Contents
  Title Page
  Preparations Arizona USA
  Preparations Punta Arenas, Chile
  Day 1: Antarctica!
  Day 2: First Taste of the Wind
  Day 3: Close Call
  Day 4: A Beautiful Day
  Day 5: The Wedge Design
  Day 6: Circle of Survivability
  Day 7: Mountains to our West
  Day 8: Skiing in a White out
  Day 9: Jenny Unleashed
  Day 10: Face Mask Freezing to the Nose
  Day 11: Howling Winds and Rough Terrain
  Day 12: Sledging away from the Maritime Influence
  Day 13: Rocking out
  Day 14: Frozen Face Mask
  Day 15: Coldest and Windiest Place on Earth
  Day 16: Skiing on Frozen Rubble
  Day 17: Tracks!
  Day 18: Slogging into Fierce Headwinds
  Day 19: First Sponge Bath
  Day 20: Playing in the Junkyard
  Day 21: Three Weeks, One-Third of the Distance
  Day 22: Playing in the Junkyard, Part 2
  Day 23: The otherworldly Glowing Blue Light
  Day 24: A Packman Game
  Day 25: The vision must be kept
  Day 26: Frozen Cameras
  Day 27: Low Margins of Safety in Strong Winds
  Day 28: Anomalies in the flat Antarctica myth
  Day 29: Thiels Mountains Visible in the Distance
  Day 30: The Half-Way Point
  Day 31: Mid-Journey Resupply
  Day 32: Sastrugi on top of Sastrugi
  Day 33: Skiing Alongside the Thiels
  Day 34: White Out and Mild-Mannered Sastrugi
  Day 35: Difficult Terrain
  Day 36: Cameras Frozen All Day
  Day 37: Alone in an Immense Wilderness
  Day 38: Warm weather and sleds are dragging hard
  Day 39: Climbing to the Polar Plateau
  Day 40: The Disappearing Hill
  Day 41: Extreme Fun
  Day 42: Seven Down, Three to Go
  Day 43: If your ski tips have no shadow, stop quick!
  Day 44: A Strange Object Flies Overhead
  Day 45: Perils of Crossing a Body-Heat Rubicon
  Day 46: Inspired to Greater Heights
  Day 47: Antarctica's Double Sun
  Day 48: Eight Degrees Down, Two To Go
  Day 49: Skiing in the Tropic of Antarctica
  Day 50: The Sun and its Antics
  Day 51: Short Antarctic Summers Wait for No One
  Day 52: Showers and laundry perhaps? No chance
  Day 53: Gaining the Polar Plateau
  Day 54: Good Weather, Fairly Flat Terrain
  Day 55: Climbing the Same Hill for Three Days
  Day 56: Cold but Very Pretty
  Day 57: Gorgeous Weather, Enjoyable Day
  Day 58: Almost There
  Day 59: The Amundsen-Scott South Pole Station
  The Flight to Patriot Hills
  Patriot Hills
  Mount Vinson
  Patriot Hills
  Aconcagua

Skiing to South Pole

Fierce Winds, Ultra-Cold Temperatures

Adventures in Antarctica

58 days, 700 mi, Nov 2006 - Jan 2007

Ray & Jenny Jardine

2007-01-01 page 55 of 67

Day 52: Showers and laundry perhaps? No chance

Today was gorgeous. Blue sky, fairly smooth terrain, and no wind. What more could a couple of polar explorers ask for? Showers and laundry perhaps?

No chance, until we reach civilization, which for me, if all goes well, will be in 25 more days. This is part one of this trip to Antarctica: skiing to the South Pole. That done, Jenny is planning to return home. Look for Ray-Way Products to re-open soon thereafter. I have a couple of more projects in mind. For one, I am slated to join four others on an attempt to climb Antarctica's highest mountain, Mt. Vinson. More on this later.

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With the lack of wind and the sun shining brightly, the morning was quite warm. We skied without our ski jackets, and I did not wear my face mask. Never mind the frost build-up on our long underwear (it looks like snow); we were quite comfortable.

photo

With an absence of wind, the surface of the snow looks burnished. And everywhere you look you find interesting designs and patterns.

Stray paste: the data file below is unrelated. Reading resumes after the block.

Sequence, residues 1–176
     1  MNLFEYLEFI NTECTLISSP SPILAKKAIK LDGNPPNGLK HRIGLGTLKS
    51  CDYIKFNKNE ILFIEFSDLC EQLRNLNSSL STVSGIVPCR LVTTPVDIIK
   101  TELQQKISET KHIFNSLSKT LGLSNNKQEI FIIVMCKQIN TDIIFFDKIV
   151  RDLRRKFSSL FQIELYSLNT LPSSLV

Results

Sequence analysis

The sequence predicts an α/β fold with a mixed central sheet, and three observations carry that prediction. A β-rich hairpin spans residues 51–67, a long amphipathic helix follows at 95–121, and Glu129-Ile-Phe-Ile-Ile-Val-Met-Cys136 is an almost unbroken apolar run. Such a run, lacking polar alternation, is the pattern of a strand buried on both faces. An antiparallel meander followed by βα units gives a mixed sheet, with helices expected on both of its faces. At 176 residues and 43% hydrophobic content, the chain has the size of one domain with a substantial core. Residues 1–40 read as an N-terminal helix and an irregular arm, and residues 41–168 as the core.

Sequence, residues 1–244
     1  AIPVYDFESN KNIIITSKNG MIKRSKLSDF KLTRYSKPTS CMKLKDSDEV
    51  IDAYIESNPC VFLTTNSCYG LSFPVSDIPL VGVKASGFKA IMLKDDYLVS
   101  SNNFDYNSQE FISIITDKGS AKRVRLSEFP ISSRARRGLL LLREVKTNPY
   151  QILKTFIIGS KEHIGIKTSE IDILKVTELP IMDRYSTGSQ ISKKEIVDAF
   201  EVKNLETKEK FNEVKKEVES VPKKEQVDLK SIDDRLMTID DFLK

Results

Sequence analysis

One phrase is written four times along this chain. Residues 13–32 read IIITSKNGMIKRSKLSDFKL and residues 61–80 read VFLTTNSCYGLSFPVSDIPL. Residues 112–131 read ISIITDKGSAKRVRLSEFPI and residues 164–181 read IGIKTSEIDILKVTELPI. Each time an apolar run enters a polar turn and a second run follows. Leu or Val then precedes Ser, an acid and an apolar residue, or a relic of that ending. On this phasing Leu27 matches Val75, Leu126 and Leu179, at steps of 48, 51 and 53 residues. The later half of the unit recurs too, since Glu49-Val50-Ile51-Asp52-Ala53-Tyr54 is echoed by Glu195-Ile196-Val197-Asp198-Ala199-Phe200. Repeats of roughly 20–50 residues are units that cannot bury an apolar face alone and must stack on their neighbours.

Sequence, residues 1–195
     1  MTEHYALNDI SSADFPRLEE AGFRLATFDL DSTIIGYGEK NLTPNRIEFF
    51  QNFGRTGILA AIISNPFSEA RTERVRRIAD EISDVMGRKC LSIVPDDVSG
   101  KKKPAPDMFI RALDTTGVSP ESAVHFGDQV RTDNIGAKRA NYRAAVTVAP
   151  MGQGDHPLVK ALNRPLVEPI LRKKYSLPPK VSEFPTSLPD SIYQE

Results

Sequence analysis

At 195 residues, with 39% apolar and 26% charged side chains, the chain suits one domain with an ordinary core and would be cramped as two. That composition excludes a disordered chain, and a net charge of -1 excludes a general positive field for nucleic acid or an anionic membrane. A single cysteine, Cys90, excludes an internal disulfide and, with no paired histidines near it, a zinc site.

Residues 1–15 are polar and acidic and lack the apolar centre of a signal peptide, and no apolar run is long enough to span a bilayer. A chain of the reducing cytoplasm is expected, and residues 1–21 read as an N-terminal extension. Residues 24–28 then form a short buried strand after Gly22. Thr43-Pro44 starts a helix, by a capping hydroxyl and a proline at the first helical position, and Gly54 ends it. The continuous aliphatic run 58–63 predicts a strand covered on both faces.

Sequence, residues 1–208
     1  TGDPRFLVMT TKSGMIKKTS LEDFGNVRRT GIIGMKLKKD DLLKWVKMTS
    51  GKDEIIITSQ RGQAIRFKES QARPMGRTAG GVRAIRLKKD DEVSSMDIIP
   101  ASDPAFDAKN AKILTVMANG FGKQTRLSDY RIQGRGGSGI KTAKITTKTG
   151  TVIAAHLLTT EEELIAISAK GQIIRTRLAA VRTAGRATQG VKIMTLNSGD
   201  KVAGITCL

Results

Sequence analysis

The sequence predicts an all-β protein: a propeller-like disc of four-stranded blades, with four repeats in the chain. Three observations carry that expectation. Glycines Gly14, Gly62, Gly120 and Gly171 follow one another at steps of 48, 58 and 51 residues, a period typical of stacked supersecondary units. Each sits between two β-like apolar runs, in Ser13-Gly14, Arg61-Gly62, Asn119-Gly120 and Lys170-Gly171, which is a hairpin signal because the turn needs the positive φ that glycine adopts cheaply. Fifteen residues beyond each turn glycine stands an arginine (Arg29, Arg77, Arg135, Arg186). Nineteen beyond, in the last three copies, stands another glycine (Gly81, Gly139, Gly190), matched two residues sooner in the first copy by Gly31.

At 1:00 pm we were ready for our sit-down bowl of granola when the wind started to blow lightly from the southwest. Five minutes later we were sitting on Jenny's sled in full expedition wear, including ski jacket with the fur hoods up, and our insulated jackets, reserved for the coldest of times. It was a quick lunch.

"People living in New England might not realize that the South Pole is over three thousand feet higher that Mount Washington."

All day we seemed to be climbing. We are now over 9,000 feet. That means we have reached the Polar Plateau, and have climbed about 9,000 feet from PH Base.

Just a thought, but people living in New England might not realize that the South Pole is over three thousand feet higher that Mount Washington. Another interesting fact: the ice sheet over the South Pole is about 9,000 feet thick! Buried under the ice, the land under the South Pole is near sea level. It makes one wonder what Global Warming could do, if left unchecked. That is a lot of water to add to the oceans.

All afternoon the clouds grew thicker. Then just before quitting time the light went flat. Selecting a campsite in flat light is a guessing game. You don't really know if the ground is flat or sloped one way or the other; or how rough it is. You can't tell anything about it. Today's site turned out to be deep, soft snow.

We pitched the tent, set it aside, then packed the area firm, stomping it with our boots. At least shoveling the snow onto the snow skirt was easy. Normally I have to chop frozen snow and cover the skirt in blocks.

With the present weather system, the temperature has climbed to minus 11 degrees C. So the tent is not too cold inside, despite the lack of solar heating.

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The ski poles are almost to the hilt in the soft snow.

Tonight I discovered that I must have bumped my compass declination out of adjustment four or five ago. It has been reading eight degrees to the east ever since. So we're currently 4.5 miles off course. Fortunately I discovered this now. It would be most embarrassing to miss the pole and continue across the continent.

Countdown to the pole: 77 miles.

Evening camp: S 88° 51.684' W 84° 20.329'

Today's mileage: 12.1

Altitude: 9090 ft., Temperature: -11C

The story has 67 pages. This is page 55.
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